A Brief History of the Pitching Distance
This issue comes up a lot with fans, especially those who know quite a lot about baseball history. A tweet this morning persuaded me (#AskTheHistorian) to dash off a reply longer than 140 characters.Fans will assume that because the pitching distance in was 50 feet in 1892 and 60’6″ one year later, the poor pitchers had to throw 10’6″ farther. Further, they assume, this “fact” explains the offensive explosion of 1894, when NL pitchers had an all-time-high ERA of 5.33, the league batted for an average of .309, and five men hit over .400–four of these in the Philadelphia outfield alone. Here’s the real story.
From 1845 to 1880 the pitching distance was 45 feet. The pitcher had to deliver the ball from behind a 12-foot line, at least until 1863. At that point a back another 12-foot line, 48 feet from home, was added, in effect creating the pitcher’s box. In many of the years that followed, the dimensions of the box changed, but until 1880 the front line stood at 45 feet. Now I repeat from an earlier post:
“[In the 1870s] baseballs were now being manufactured in mass, with deplorable quality control: The dead ball was, by midgame, often the mush ball. The fans no longer considered low scores so remarkable. National League batting averages declined every year from 1877 to 1880, falling from .271 to an alarming .245. The number of strikeouts nearly tripled as pitchers perfected the curves and slants introduced only a decade before. The league ERA was 2.37. The fledgling circuit, which in those years included franchises in such marginal sites as Troy, Syracuse, Worcester, and Providence, was losing money and in big trouble.
“To the rescue came Harry Wright, the organizer of the Cincinnati Red Stockings and ‘Father of Professional Baseball.’ He perceived the threat as early as 1877 when, in the Boston Red Stockings’ final exhibition contest, he had the pitcher’s box moved back 5 feet. The following year, in a September exhibition contest against Indianapolis, he arranged for the game to be played with: a walk awarded on six balls rather than the nine that then prevailed; every pitch counting as either a strike or a ball, thus eliminating the ‘warning’ call an umpire made when a batter watched a good pitch sail by; and complete elimination of restrictions on a pitcher’s delivery—he might throw any way he wished. In the winter prior to the 1880 season, Wright proposed a flat bat and a cork-centered lively ball. And in December 1882, by which time most of the above proposals had been tried and some instituted—the front of the pitcher’s box at 50 feet, the abolition of warning pitches, the walk awarded on seven balls, soon to be six—he proposed denying the batter the right to call for a high or low pitch and, most dramatically, a pitcher’s box of 56 feet—very much the pitching distance of today. (The pitching distance at that time was measured from home plate to the front of the box, or true point of delivery, while today’s distance is measured from the plate to the rubber, from which the pitcher’s front foot strides some 4 to 4.5 feet forward.) [NOTE: my friend Bill Deane has corrected me thus in a note below and, as usual, he is right: “It was actually only 4’3½” shorter, as the pre-1893 distance was measured from the center of the base instead of the rear point, as it is today. See the appropriate chapter in Baseball Myths (Scarecrow, 2012).”]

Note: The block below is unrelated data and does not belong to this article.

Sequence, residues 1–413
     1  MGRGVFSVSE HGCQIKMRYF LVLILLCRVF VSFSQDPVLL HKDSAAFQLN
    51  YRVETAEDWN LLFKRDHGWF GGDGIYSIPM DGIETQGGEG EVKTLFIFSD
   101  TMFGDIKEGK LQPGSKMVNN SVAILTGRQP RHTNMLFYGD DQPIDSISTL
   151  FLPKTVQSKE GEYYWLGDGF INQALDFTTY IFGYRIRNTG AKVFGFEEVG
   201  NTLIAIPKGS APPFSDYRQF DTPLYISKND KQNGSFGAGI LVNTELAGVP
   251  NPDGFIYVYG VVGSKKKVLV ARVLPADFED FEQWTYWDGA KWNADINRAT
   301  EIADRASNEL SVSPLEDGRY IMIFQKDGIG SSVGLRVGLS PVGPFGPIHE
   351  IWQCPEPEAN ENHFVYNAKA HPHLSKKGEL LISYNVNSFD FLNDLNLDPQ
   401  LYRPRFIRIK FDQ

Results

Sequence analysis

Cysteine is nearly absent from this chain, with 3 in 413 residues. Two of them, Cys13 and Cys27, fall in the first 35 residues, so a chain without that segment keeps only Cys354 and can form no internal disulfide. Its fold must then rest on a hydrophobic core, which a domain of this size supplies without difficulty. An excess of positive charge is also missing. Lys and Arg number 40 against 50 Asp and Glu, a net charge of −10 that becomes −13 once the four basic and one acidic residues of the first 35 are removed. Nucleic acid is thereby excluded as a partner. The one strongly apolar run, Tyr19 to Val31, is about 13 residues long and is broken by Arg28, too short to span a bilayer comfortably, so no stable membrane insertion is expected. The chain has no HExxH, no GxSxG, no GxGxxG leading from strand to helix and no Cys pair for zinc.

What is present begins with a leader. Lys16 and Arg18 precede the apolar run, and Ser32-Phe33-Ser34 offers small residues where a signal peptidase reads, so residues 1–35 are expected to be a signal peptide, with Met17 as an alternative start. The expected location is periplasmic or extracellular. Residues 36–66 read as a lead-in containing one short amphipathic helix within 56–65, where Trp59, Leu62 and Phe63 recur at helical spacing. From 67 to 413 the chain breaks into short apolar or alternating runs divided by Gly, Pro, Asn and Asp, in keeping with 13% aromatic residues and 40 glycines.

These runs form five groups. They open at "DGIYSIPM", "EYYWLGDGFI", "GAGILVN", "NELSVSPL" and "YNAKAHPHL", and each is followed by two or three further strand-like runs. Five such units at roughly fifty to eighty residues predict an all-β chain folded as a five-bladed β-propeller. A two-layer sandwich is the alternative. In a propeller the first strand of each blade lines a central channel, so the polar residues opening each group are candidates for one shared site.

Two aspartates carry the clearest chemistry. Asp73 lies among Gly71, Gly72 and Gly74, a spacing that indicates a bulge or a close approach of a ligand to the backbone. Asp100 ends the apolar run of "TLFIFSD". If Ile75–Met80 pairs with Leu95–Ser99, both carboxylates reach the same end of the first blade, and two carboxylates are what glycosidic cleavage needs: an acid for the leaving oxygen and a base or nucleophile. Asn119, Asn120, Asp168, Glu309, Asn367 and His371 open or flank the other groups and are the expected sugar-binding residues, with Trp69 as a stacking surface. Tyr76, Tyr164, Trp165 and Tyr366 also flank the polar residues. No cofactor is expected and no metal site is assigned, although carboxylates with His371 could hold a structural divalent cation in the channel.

“Hitting revived briskly in 1881, the first year of the new 50-foot pitching distance, but soon slid back again. The rule makers continued their tinkering with the ball/strike count (raising the strike count to four for 1887–in effect raising it to former levels, since the old warning pitch had prevailed until 1880 and was granted with two strikes until 1881–and lowering the ball count to four by 1889); the length of the pitcher’s box (from 7 feet to 6 feet to, in the final adjustment before replacement by the rubber, 5.5 feet); the pitcher’s windup (banning the running start and, for 1885, the raised-leg windup); and, most important, the delivery itself.”
To recap: In 1892 the pitching distance was truly only four feet, 3-1/2 inches shorter than that of today, because before the introduction of the slab, from which the 60’6″ distance is taken, the pitcher threw from a box, the front of which was 50 feet from the plate. However, the back line was five and a half feet farther back. In that last year of the old distance, which had been in force since 1880, Amos Rusie, may have been, from the batter’s perspective, the fastest pitcher ever.